Chargers, Broncos try to overcome mediocre records

To outsiders, the AFC West is one of the NFL’s weakest
divisions.

The San Diego Chargers see it otherwise, preferring to think
that it’s simply competitive.

Whatever the choice of words, the Chargers will continue to try
to salvage their season when they host the Denver Broncos on Monday
night.

The teams’ records are anything but special, even if this
rivalry is always intense. The Chargers are 4-5, even with a
two-game winning streak. The Broncos are 3-6, even with their 49-29
win against the Kansas City Chiefs.

”If you just look at divisions and records, it probably doesn’t
stack up as one of the toughest,” said Chargers quarterback Philip
Rivers, who’s on pace to shatter Dan Marino’s single-season record
of 5,084 yards passing. ”But you also could look at each game and
how they’ve been won or lost. All four teams in the division are a
few plays away from having a lot different record.”

Going into Sunday’s games, the AFC West was a combined 17-19,
tied with the AFC North for the second-worst in the NFL. The NFC
West, of course, brought up the rear at 15-21.

The four-time defending division champion Chargers have yet to
be above .500 this year. Repeated special teams blunders and a slew
of turnovers contributed to a 2-5 start, the worst in Norv Turner’s
four seasons as head coach.

Still, in this division, there’s always the hope of reaching the
playoffs regardless of the record.

”We’ve been 8-8 before and won the first game of the
playoffs,” Rivers said, referring to 2008. That year the Chargers
were 4-8 before a four-game winning streak, coupled with Denver’s
historic collapse, handed the division title to the Bolts. The
Chargers finished off the Broncos with a 52-21 rout in San Diego,
beat the Indianapolis Colts in overtime in the wild-card round
before losing to the eventual Super Bowl champion Pittsburgh
Steelers.

”I think it’s a game-to-game, week-to-week league. You try to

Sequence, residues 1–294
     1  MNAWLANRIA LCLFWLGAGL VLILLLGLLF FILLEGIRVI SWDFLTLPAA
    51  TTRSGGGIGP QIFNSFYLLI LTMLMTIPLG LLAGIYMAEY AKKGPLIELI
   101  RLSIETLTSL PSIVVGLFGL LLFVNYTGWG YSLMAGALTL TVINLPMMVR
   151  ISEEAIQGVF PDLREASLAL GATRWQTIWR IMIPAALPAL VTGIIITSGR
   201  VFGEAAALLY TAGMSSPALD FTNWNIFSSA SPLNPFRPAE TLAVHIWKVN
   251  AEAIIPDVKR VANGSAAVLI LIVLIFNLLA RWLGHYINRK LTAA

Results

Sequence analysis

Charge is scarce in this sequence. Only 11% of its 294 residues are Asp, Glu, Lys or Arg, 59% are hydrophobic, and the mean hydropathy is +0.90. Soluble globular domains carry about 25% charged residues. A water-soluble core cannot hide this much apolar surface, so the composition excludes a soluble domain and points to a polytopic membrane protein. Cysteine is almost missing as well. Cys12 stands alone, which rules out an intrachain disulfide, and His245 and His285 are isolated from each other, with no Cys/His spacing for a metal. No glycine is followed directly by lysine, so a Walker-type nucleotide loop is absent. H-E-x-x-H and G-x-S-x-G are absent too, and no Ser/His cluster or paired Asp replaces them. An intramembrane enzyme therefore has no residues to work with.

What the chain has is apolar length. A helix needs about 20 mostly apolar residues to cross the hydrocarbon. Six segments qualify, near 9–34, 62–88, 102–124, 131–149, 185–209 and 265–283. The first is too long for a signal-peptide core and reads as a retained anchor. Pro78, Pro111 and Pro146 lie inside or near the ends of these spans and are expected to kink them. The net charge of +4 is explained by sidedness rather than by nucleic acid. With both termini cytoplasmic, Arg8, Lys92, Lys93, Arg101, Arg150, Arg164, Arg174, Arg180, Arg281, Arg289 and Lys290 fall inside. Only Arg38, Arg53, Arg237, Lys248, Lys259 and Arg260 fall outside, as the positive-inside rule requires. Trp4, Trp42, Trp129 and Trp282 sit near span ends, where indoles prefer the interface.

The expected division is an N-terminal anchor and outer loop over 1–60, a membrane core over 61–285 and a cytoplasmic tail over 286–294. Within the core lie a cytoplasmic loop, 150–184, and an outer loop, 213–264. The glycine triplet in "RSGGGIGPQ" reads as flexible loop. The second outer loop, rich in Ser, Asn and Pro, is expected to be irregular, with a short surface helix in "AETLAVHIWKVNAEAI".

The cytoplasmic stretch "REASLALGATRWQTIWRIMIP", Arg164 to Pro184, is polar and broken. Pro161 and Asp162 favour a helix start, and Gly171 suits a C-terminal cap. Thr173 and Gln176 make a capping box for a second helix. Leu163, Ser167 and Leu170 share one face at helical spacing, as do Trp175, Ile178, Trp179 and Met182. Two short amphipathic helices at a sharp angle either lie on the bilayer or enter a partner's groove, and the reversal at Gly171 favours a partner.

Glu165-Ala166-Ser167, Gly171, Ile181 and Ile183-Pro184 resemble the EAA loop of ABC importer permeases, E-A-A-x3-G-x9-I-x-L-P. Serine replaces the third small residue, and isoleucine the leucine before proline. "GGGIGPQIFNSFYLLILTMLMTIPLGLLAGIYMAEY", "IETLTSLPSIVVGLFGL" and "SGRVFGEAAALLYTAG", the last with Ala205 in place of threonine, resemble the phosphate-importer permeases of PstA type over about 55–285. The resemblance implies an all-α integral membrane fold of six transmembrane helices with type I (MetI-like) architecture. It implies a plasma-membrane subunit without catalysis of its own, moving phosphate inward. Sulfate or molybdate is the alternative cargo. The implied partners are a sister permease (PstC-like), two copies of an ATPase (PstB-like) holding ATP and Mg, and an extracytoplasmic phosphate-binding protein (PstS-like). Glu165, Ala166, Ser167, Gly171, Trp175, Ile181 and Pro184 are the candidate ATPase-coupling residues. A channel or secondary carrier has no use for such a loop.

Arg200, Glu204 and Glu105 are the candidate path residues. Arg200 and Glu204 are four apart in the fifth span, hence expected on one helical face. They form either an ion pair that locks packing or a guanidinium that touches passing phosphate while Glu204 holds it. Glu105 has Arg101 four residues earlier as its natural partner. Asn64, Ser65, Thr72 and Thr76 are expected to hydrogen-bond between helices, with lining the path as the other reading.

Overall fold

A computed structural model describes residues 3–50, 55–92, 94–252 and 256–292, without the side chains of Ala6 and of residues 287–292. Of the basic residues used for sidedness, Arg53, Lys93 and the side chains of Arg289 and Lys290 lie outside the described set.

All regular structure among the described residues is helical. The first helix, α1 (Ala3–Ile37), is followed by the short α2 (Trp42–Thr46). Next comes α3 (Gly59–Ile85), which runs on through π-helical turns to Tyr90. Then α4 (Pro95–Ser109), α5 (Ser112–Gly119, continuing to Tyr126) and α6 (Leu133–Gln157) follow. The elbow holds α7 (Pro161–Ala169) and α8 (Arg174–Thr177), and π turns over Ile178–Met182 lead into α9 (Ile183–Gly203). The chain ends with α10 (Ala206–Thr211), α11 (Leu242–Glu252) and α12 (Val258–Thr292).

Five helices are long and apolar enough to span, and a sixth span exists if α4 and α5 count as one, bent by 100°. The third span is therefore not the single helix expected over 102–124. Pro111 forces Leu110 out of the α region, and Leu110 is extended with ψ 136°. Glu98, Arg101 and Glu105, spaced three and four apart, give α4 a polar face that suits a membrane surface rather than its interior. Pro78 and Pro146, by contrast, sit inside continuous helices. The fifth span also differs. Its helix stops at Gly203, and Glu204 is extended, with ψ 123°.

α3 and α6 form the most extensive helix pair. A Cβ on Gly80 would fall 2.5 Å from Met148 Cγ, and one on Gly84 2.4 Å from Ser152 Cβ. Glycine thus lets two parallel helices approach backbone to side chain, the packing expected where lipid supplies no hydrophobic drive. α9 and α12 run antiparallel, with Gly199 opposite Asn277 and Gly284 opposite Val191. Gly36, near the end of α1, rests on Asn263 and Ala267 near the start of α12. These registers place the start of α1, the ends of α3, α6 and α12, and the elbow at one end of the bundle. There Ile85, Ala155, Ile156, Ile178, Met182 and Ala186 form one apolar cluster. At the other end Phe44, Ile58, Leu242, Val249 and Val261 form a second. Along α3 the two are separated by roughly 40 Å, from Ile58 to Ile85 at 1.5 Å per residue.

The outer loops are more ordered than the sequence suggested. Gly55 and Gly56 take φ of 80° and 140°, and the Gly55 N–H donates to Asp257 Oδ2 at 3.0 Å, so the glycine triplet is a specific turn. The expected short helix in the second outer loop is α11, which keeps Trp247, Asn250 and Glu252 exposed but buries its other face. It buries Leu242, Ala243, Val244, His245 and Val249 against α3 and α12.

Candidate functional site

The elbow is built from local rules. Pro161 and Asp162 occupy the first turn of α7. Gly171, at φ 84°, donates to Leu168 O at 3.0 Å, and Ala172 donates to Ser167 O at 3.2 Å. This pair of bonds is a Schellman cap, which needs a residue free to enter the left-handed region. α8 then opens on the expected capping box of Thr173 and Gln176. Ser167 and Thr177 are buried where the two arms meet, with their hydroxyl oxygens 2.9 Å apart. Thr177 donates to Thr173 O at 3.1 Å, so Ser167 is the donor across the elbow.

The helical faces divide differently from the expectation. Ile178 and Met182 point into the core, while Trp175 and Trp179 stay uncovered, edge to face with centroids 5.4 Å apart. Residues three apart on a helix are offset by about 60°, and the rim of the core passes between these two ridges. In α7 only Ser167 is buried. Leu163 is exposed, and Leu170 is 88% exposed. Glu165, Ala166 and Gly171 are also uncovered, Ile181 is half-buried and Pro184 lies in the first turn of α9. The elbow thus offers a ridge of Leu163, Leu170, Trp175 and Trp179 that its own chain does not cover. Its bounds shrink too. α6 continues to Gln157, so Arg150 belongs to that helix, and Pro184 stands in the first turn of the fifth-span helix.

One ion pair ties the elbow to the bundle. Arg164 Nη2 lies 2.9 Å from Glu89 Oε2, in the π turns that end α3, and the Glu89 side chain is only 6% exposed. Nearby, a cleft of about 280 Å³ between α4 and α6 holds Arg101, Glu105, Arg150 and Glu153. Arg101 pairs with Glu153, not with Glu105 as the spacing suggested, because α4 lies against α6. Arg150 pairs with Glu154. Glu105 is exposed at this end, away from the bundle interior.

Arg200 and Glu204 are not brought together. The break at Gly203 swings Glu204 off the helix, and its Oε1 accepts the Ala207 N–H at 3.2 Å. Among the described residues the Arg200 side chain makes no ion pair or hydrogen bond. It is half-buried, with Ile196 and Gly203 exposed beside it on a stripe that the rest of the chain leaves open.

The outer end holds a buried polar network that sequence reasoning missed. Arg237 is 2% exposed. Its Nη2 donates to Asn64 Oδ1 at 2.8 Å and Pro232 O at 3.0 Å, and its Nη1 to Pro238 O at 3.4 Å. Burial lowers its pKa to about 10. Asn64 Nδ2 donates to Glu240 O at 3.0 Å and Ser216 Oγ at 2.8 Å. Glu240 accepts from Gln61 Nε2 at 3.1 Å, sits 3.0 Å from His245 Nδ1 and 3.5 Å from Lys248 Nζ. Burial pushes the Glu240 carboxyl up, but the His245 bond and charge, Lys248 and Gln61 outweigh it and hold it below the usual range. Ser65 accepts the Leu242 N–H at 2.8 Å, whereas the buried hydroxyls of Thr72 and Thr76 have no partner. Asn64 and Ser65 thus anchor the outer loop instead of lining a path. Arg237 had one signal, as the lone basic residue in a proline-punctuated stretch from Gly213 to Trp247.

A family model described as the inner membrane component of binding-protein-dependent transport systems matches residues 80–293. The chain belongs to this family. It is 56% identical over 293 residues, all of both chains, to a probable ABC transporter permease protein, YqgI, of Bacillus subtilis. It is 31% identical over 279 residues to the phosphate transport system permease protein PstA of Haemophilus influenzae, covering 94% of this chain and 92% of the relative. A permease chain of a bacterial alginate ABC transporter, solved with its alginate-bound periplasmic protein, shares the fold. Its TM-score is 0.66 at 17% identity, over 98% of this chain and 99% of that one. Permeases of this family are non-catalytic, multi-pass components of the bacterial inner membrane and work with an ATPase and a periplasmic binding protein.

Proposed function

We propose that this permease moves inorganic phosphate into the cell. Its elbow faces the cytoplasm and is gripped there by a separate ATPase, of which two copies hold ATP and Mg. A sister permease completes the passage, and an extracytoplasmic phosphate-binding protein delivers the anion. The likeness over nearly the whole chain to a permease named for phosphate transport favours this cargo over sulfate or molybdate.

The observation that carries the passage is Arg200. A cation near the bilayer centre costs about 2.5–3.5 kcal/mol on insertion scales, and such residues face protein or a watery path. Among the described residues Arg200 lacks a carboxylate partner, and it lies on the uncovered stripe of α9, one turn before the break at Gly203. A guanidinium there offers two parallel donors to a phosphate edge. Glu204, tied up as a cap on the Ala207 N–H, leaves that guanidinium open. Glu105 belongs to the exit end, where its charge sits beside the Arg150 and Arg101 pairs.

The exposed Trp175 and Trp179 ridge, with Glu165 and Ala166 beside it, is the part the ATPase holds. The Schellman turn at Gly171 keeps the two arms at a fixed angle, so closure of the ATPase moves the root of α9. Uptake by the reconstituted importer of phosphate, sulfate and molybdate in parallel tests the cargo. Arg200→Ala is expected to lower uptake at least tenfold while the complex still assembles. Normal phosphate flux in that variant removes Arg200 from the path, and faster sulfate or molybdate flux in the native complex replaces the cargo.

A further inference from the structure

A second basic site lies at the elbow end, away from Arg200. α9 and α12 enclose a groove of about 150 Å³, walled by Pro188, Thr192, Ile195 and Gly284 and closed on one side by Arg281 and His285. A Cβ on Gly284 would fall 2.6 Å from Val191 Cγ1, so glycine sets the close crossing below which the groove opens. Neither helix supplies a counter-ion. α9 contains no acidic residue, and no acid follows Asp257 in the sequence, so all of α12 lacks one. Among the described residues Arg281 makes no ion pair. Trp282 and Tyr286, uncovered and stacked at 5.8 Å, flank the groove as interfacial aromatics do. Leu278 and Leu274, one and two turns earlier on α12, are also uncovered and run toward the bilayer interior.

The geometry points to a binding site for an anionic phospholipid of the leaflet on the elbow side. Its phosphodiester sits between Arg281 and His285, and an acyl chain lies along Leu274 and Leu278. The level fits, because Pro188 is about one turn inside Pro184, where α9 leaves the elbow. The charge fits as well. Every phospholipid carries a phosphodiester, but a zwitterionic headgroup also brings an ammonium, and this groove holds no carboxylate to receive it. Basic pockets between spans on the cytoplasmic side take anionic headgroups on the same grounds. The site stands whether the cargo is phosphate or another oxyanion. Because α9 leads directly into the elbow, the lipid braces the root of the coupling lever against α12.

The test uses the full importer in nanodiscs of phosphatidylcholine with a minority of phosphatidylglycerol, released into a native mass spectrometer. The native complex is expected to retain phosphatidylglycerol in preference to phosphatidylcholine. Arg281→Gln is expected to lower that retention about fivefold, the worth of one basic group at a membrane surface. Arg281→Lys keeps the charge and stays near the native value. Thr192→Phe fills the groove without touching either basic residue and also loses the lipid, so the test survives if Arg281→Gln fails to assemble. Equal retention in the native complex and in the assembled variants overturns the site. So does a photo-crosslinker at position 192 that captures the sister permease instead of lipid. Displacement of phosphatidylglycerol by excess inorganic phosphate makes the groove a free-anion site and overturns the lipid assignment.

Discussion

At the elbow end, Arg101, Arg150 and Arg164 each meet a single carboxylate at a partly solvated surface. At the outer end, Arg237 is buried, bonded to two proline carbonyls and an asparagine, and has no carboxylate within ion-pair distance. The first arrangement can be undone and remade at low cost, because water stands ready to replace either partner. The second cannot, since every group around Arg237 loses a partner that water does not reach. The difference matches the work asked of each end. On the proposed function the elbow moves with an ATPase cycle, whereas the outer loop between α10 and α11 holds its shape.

find a way to get in,” Rivers said. ”To get in, you’re 0-0. Last
year, what were we, 13-3, and the Jets came in here and we lost. We
went through the so-called toughest division in football last year
in the NFC East. It’s a week-to-week deal.”

The Chargers were 4-0 against the NFC East last year.

This year, they’re 0-2 against their own division, having lost
at Kansas City and at Oakland. They’re also 1-2 against the NFC
West, having lost at Seattle and at St. Louis while beating Arizona
at home. Overall, including the playoff defeat, the Chargers have
lost six of their last 10 games.

Going into Sunday’s games, Oakland and Kansas City were tied for
the AFC West lead at 5-4.

”I expected this going into this year, that this was going to
be the most competitive in the West as it’s been,” Rivers
said.

Whatever the records, this is expected to be a shootout between
Rivers, who leads the NFL with 2,944 yards passing, and Denver’s
Kyle Orton, who’s second with 2,806.

In their two games prior to beating the Chiefs, the Broncos were
routed 59-14 by the Raiders, then went all the way to London to
lose 24-16 to the San Francisco 49ers.

The Chargers hope star tight end Antonio Gates returns after
missing a win at Houston on Nov. 7 with a painful plantar fascia
tear in his right foot. The Chargers are coming off their bye week,
and Gates said he’s been frustrated by the slow rehab.

”Despite what we’ve done up to this point, this is a big
game,” Gates said. ”I know we sound like we’re saying it over and
over and over, but the reality is, we can put ourselves in a very,
very comfortable situation where we can control our own destiny.
That’s what we talked about when we were 2-5. It’s a situation
where I want to be part of it and I want to try to help. But I
understand there’s a difference between helping and hurting the
team.”

The Chargers might be on one of their second-half runs under
Turner. They won their last 11 in 2009 before their playoff
face-plant against the Jets, four straight to end 2008 and six
straight at the end of 2007, when they reached the AFC championship
game before losing at New England.

”That might be something they plan on,” Denver defensive
lineman Kevin Vickerson said. ”Start slow, finish fast late. I
think they like that late start. It gets the team motivated.”

The Broncos aren’t swayed by San Diego’s sub-.500 record.

”That is a good team,” safety Renaldo Hill said. ”I don’t
know what’s kept them from winning. What I do know is they have
players that can get things going in a hurry. You can’t worry what
they’ve done, but what they can do.”